Mitsubishi UFJ Trust and Banking Corporation assists foreign companies to go public on TSE by foreign stock Japanese Depositary Receipt (JDR) (Note 3). One good example of listing through this method is the US-based fabless semiconductor company Techpoint, Inc. According to press reports, Techpoint chose JDR because no foreign securities account was needed to be opened and margin trading was also possible.

Listing of Asian startups now entering the harvesting stage on TSE Mothers will provide Japanese companies with broader opportunities for open innovations and help them enhance their competitiveness. For this reason, Ministry of Economy, Trade and Industry (METI) launched the Digital Transformation (DX) Platform in May 2020 together with JETRO and others. The platform aims to help create new business through collaboration and partnering with Japanese companies. The online platform promotes business partnerships between the companies of Southeast Asian, Indian, and other Asian emerging economies and those of Japan. Collaboration between the startup ecosystems of Japan and Asia is expected to set the stage for new growth for both ecosystems.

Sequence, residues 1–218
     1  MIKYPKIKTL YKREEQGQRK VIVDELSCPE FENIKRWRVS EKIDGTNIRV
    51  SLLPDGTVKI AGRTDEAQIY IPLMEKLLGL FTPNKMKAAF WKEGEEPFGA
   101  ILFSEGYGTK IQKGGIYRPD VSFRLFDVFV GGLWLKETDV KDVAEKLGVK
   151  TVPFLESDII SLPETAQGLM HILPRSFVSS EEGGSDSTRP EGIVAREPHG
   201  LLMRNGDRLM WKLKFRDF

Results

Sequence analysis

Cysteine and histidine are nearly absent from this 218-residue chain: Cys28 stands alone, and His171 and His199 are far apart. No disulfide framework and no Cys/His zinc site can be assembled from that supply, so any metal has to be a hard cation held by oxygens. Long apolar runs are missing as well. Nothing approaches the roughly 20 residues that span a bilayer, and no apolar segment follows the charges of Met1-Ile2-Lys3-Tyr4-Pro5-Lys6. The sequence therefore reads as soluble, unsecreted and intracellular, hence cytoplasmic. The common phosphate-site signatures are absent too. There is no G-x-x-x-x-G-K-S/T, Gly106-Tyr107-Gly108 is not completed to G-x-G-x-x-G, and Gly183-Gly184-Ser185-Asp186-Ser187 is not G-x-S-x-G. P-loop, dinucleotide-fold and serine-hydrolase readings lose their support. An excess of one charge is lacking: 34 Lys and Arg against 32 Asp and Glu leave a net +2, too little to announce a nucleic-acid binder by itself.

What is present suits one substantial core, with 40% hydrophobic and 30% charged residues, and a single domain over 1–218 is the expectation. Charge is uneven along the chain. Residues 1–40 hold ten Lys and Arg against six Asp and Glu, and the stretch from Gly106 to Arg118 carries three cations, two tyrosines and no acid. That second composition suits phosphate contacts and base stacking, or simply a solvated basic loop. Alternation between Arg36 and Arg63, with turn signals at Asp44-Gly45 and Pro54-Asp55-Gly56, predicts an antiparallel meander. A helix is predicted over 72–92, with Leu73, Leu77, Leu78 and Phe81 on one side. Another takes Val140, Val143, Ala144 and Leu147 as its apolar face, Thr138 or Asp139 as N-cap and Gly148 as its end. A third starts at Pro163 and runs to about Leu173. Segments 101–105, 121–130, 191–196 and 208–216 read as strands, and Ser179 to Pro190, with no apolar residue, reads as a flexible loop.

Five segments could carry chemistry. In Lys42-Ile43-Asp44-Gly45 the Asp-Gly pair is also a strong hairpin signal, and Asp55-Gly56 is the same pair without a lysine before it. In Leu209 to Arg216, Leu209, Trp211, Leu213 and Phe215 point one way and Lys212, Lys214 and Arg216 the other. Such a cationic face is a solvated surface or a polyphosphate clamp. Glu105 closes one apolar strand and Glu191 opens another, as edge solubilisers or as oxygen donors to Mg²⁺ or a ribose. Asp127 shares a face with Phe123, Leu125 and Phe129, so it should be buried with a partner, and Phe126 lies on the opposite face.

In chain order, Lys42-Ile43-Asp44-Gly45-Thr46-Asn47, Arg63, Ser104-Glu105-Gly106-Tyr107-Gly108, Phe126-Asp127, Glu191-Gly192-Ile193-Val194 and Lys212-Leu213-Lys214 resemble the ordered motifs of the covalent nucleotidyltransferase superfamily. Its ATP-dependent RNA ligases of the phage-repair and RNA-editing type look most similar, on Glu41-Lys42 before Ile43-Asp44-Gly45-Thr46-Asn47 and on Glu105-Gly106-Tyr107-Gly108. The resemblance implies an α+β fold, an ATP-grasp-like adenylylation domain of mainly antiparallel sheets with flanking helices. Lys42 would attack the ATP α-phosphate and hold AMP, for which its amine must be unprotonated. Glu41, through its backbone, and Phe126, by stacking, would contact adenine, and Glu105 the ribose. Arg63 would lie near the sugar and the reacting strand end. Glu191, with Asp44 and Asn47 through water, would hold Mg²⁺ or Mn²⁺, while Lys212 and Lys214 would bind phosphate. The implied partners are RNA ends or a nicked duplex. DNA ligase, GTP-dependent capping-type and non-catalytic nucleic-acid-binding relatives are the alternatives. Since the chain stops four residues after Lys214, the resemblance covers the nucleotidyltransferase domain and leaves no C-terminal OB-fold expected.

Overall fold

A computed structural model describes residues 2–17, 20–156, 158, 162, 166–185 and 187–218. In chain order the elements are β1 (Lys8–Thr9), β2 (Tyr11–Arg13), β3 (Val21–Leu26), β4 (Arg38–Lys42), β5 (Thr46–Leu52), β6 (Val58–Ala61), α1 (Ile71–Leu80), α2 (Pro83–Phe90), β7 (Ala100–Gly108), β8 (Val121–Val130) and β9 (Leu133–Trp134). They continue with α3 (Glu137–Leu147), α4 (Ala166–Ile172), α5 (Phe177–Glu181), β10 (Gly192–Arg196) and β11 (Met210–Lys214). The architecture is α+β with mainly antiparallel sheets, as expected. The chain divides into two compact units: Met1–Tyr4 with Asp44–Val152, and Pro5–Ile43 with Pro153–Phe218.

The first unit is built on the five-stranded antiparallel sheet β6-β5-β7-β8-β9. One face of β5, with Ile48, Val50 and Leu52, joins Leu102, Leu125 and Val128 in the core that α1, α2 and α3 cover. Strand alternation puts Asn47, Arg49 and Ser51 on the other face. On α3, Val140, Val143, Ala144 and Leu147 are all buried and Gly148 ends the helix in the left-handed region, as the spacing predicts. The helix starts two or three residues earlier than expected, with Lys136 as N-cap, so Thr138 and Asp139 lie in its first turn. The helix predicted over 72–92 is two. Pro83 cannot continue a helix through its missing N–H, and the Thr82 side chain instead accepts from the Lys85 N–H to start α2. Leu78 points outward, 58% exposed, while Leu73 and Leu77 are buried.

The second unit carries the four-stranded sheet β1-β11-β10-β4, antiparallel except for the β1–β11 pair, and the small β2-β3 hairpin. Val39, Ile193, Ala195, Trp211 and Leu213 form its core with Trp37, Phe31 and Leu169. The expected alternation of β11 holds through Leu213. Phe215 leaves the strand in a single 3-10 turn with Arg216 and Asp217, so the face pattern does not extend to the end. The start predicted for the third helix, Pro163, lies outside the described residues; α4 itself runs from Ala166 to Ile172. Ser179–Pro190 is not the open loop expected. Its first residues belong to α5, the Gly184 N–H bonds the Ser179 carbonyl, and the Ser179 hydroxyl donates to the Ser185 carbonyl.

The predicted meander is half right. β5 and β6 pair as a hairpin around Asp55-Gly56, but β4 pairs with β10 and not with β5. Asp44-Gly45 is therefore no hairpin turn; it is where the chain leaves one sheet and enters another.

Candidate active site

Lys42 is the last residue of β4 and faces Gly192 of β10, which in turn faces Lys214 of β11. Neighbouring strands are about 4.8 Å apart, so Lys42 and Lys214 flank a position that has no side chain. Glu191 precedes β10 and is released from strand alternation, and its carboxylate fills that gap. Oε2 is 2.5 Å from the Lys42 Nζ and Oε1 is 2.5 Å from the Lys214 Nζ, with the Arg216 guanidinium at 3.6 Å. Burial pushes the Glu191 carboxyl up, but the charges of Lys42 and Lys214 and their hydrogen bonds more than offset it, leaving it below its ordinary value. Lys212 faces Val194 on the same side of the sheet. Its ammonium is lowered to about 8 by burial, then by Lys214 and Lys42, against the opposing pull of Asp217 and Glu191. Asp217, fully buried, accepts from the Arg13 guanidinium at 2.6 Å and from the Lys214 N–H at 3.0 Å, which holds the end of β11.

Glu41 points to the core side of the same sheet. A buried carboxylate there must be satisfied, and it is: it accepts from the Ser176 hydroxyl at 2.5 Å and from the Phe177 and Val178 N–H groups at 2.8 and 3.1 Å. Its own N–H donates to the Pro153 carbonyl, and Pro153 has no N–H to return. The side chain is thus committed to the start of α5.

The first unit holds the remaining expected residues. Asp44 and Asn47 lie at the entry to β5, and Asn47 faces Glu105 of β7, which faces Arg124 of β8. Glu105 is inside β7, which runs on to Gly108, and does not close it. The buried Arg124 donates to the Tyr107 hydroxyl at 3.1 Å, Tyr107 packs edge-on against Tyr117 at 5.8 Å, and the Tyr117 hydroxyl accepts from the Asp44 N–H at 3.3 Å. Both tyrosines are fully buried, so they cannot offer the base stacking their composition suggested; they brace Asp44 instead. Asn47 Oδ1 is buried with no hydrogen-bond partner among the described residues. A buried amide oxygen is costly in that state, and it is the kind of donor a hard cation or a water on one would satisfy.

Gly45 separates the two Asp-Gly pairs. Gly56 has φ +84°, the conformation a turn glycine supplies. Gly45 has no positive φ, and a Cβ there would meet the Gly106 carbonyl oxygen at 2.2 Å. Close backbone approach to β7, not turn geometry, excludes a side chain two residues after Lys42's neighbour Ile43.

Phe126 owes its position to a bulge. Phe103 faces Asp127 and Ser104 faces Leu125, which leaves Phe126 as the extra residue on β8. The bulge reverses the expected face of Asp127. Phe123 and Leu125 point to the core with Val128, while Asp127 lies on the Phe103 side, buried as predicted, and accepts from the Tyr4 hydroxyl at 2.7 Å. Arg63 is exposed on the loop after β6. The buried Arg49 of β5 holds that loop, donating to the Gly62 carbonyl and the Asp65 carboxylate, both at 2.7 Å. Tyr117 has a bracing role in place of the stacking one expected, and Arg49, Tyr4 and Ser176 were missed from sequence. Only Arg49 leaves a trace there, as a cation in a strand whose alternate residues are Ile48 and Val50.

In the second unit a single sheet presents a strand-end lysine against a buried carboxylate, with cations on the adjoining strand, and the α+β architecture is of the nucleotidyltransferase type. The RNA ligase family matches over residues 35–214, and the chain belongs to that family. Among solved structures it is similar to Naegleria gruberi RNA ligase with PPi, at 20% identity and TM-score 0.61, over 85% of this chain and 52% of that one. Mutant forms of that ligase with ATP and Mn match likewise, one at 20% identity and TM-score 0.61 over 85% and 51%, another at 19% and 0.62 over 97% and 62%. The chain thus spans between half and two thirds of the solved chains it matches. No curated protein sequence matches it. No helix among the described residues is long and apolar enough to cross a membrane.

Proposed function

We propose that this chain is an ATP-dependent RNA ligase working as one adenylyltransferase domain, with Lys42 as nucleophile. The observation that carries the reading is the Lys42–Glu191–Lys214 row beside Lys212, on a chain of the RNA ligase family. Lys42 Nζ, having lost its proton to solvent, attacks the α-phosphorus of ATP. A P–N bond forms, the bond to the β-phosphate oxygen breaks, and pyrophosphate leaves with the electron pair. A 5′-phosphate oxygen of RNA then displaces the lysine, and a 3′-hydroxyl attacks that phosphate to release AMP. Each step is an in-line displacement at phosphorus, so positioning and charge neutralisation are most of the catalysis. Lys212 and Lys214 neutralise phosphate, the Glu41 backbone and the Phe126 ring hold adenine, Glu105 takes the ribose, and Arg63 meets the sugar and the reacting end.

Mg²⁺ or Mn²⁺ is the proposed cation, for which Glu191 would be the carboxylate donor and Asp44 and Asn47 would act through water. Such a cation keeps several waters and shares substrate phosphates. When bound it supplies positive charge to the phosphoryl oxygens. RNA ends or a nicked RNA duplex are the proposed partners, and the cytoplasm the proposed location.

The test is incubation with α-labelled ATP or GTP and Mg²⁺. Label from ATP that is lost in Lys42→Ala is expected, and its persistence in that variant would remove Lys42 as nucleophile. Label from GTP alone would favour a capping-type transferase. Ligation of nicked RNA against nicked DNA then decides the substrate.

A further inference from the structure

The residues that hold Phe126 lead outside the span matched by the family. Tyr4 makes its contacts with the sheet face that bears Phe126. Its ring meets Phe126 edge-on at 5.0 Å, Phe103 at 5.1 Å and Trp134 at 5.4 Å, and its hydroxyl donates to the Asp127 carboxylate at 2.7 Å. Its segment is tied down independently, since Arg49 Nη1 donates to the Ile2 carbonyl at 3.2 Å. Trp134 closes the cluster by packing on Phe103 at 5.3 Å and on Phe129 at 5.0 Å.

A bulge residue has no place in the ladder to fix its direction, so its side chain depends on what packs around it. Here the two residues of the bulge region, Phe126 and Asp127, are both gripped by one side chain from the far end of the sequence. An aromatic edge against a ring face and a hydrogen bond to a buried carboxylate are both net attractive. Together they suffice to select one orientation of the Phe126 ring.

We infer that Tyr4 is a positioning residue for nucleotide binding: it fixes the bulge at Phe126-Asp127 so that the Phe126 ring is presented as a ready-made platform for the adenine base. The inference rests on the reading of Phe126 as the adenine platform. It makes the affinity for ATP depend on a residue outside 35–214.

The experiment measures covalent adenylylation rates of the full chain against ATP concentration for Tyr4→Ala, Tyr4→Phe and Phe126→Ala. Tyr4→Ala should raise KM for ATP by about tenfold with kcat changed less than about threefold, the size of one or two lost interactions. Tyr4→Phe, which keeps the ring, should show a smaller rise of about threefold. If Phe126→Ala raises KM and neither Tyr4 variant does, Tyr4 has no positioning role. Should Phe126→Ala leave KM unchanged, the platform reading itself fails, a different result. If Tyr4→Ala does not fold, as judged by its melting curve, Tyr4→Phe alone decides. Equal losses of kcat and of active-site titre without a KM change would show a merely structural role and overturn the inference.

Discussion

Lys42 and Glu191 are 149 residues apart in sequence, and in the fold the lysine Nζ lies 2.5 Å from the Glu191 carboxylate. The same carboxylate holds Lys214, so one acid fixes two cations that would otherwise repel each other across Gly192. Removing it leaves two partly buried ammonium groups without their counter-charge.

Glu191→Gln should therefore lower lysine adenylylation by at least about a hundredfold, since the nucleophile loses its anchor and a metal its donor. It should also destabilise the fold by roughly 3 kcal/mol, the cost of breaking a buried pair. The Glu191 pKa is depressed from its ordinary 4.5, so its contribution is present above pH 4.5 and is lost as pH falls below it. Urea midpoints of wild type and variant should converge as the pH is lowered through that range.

(IOKI Tomoko)

Startup ecosystem produces continually startups who are good at pursuing highly innovative businesses and thus help companies maintain their dynamism through “corporate metabolism.” For details, see Has Japan’s Startup Ecosystem Been Formed?—Japan’s Strengths and Weaknesses Compared with Major Countries (in the Japanese language)

Note 2
Generally, the financing stage of a startup is divided as follows:
Seed: Before starting
Series A: Product prototype is made and the business model is defined
Series B: The business is on track and starts making money
Series C: The business is at cruising altitude

Note 3
Foreign Stock JDR means the Certificate of Beneficial Interest issued in Japan according to the Trust Act. Foreign security is the beneficial interest. The company in this way does not need to become a Japanese corporation in order to approach potential investors. Using the US American Depositary Receipt and the European/British Global Depositary Receipt as references, the 2007 Amendment of the Trust Act created the JDR. (JPX) (websiteExternal site: a new window will open)